Middle Eastern banking regulations don't normally make headlines, but the United Arab Emirates' announcement on Sunday that it would guarantee bank deposits was heard 'round the world. The reason is that the Emirate of Dubai, along with Abu Dhabi one of the main components of the U.A.E., shook up an otherwise sleepy Thanksgiving weekend with the announcement that Dubai World, the heavily indebted state-owned real estate development company, would be unilaterally restructuring its debts. That would have been major financial news on any day—countries are generally assumed to stand behind the debts of state-owned firms and a sovereign default is always big news. But these days, financial news is political news, so the Dubai default is raising fears about the stability of other small, heavily indebted countries and nobody certain where a wave of defaults might end.
What’s really strange is that in the minds of some, the Dubai bubble economy became a poster boy for the virtues of free markets.
But beyond a scare story from the financial crisis, Dubai World’s trouble likely represents the end of one of the most bizarre social models in the world. Before the default, Dubai was probably best-known to the world for its ambitious architectural projects. Things like Burj al-Arab, the world’s second-tallest hotel, built on an artificial island and sculpted to resemble the shape of a sail. Or, on an even more ambitious scale, the Palm Islands, a series of artificial islands constructed to resemble the shape of palm trees, but done at such a large scale as to be clearly visible from the International Space Station. Dubai features the largest shopping mall in the world, as well as a smaller shopping mall that includes, among other things, an indoor ski resort.
Why would a place with a smaller population than Kansas need the world’s biggest mall, massive skyscrapers and a massive land reclamation projects? Well, it didn’t. As to why they were there, most people were probably inclined to say some eccentric sheikh got his hands on oil money. In reality, however, while neighboring Abu Dhabi is still a major exporter of oil and natural gas, Dubai’s natural resource wealth has largely run out. Instead, the Emirate tried to reinvent itself as a finance and tourism hub.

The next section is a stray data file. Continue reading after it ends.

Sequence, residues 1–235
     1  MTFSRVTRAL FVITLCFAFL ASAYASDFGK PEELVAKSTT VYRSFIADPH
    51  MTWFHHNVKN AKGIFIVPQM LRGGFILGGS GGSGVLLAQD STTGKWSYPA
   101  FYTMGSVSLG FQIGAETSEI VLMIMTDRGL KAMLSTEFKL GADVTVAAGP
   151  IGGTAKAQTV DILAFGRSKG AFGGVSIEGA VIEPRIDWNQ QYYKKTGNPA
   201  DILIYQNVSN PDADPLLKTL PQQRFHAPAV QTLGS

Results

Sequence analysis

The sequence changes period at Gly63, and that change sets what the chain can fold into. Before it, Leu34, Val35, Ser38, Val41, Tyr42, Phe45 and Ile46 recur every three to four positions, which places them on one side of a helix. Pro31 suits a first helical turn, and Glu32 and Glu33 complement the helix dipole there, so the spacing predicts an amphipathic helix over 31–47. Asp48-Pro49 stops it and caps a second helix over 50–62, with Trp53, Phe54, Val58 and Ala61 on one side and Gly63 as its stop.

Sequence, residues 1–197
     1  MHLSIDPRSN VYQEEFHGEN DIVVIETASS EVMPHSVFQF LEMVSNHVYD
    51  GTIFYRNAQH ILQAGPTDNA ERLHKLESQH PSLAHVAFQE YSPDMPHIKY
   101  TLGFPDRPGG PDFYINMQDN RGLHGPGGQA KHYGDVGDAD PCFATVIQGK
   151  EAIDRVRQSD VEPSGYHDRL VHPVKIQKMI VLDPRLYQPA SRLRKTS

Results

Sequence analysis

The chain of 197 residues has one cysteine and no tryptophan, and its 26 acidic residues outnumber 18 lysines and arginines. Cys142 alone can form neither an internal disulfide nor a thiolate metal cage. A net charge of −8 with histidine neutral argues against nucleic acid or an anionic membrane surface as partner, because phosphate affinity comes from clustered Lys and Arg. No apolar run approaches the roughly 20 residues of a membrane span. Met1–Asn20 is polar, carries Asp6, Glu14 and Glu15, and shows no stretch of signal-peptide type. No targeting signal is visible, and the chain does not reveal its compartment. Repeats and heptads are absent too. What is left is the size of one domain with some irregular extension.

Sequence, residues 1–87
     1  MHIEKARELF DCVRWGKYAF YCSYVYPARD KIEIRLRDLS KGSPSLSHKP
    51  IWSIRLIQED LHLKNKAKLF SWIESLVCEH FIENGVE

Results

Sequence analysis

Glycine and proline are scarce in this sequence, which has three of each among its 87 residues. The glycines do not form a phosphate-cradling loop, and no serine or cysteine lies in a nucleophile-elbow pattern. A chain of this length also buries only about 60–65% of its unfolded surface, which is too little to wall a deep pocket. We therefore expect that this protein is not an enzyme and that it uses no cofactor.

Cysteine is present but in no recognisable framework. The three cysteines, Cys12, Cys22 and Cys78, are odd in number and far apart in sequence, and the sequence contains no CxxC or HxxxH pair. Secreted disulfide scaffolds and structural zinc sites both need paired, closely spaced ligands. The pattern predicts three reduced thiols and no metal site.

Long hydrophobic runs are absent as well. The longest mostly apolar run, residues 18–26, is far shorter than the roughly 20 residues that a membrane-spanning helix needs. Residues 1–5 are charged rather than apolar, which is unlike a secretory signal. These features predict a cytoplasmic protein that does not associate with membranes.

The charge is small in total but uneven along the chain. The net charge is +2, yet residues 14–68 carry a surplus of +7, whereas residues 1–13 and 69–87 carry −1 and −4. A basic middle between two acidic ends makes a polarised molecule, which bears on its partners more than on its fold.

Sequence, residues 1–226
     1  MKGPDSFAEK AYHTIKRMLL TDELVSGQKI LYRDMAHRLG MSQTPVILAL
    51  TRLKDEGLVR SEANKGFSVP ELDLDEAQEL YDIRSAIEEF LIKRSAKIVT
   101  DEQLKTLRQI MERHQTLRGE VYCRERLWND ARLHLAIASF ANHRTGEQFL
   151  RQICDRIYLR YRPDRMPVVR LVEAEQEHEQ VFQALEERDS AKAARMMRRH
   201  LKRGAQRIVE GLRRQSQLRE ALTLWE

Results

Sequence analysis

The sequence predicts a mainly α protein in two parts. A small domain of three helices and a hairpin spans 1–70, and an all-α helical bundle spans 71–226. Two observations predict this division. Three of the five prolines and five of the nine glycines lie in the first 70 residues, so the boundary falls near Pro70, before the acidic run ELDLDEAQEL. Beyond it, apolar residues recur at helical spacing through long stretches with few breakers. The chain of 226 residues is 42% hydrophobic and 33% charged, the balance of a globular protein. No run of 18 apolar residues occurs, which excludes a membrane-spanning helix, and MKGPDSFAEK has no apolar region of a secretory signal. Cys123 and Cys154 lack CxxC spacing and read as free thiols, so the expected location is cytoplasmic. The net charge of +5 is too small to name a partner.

Mostly, however, it just succeeded in launching a self-sustaining real estate bubble, with real estate and construction constituting over twenty percent of its economy and growing back in 2005. State-owned Dubai World financed these mega-projects, which attracted guest workers to the city-state for jobs, and the workers provided shoppers for the malls and bid-up the price of existing real estate holdings. The rising property values led to the idea that the loans financing the construction made sense, since after all, if worse came to worst, the property could always be flipped at a profit (sound familiar?). Besides, the loans were guaranteed by the government, right?
Obviously, the party had to stop one of these days. What’s really strange, however, is that in the minds of some, the Dubai bubble economy became a poster boy for the virtues of free markets. Jeff Madrick of the Economic Policy Institute writes in his book that “there really is no example of small government among rich nations,” an assertion Donna Wiesner Keese of the conservative Independent Women’s Forum dismissed as “unsupported nonsense,” urging readers to “think Dubai, free and rich.”
Dubai is “free” in the sense that it has low taxes, but it’s a monarchy where, according to the State Department, human rights abuses included “no citizens’ right to change the government and no popularly elected representatives of any kind; flogging as judicially sanctioned punishment; arbitrary detention and incommunicado detention, both permitted by law; questionable independence of the judiciary; restrictions on civil liberties- freedom of speech and of the press (including the Internet), and assembly; restrictions on right of association; restrictions on religious freedom; domestic abuse of women, sometimes enabled by police; trafficking in women and children; legal and societal discrimination against women and noncitizens; corruption and lack of government transparency; common abuse of foreign domestic servants; and severe restrictions on and abuses of workers’ rights.”
What’s more, Dubai’s low tax success story was a mirage. The real estate megaprojects were, in effect, a massive program of public works financed through bad debts. And while Dubai was an extreme case, it’s hardly the only example of the right falling in love with small countries riding a debt boom to fake prosperity. The Cato Institute’s Chris Edwards and Daniel Mitchell, for example, were deeply taken with the Baltic nations of Estonia, Latvia, and Lithuania who adopted flat taxes and, supposedly as a result, enjoyed economic booms. Today the region is saddled with bad debts and expected to experience double-digit economic contractions in 2009 with more shrinkage in 2010. Famously collapsed Ireland and Iceland were also held up at various points as models of the right-wing path to prosperity.
All of which should serve as a reminder that the collapse of Dubai’s debts, and the ongoing global financial meltdown, is about more than bad real estate investments. It’s about a bad social model, a brand of bubbled-fueled capitalism that sleights public investment and overrates private consumption. It’s a model that’s dominated not just Dubai, but to a large extent the United States of America for a period of decades. A model that should be discredited, but that we have yet to fundamentally leave behind.
Matthew Yglesias is a fellow at the Center for American Progress Action Fund. He is the author of Heads in the Sand: How the Republicans Screw Up Foreign Policy and Foreign Policy Screws Up the Democrats.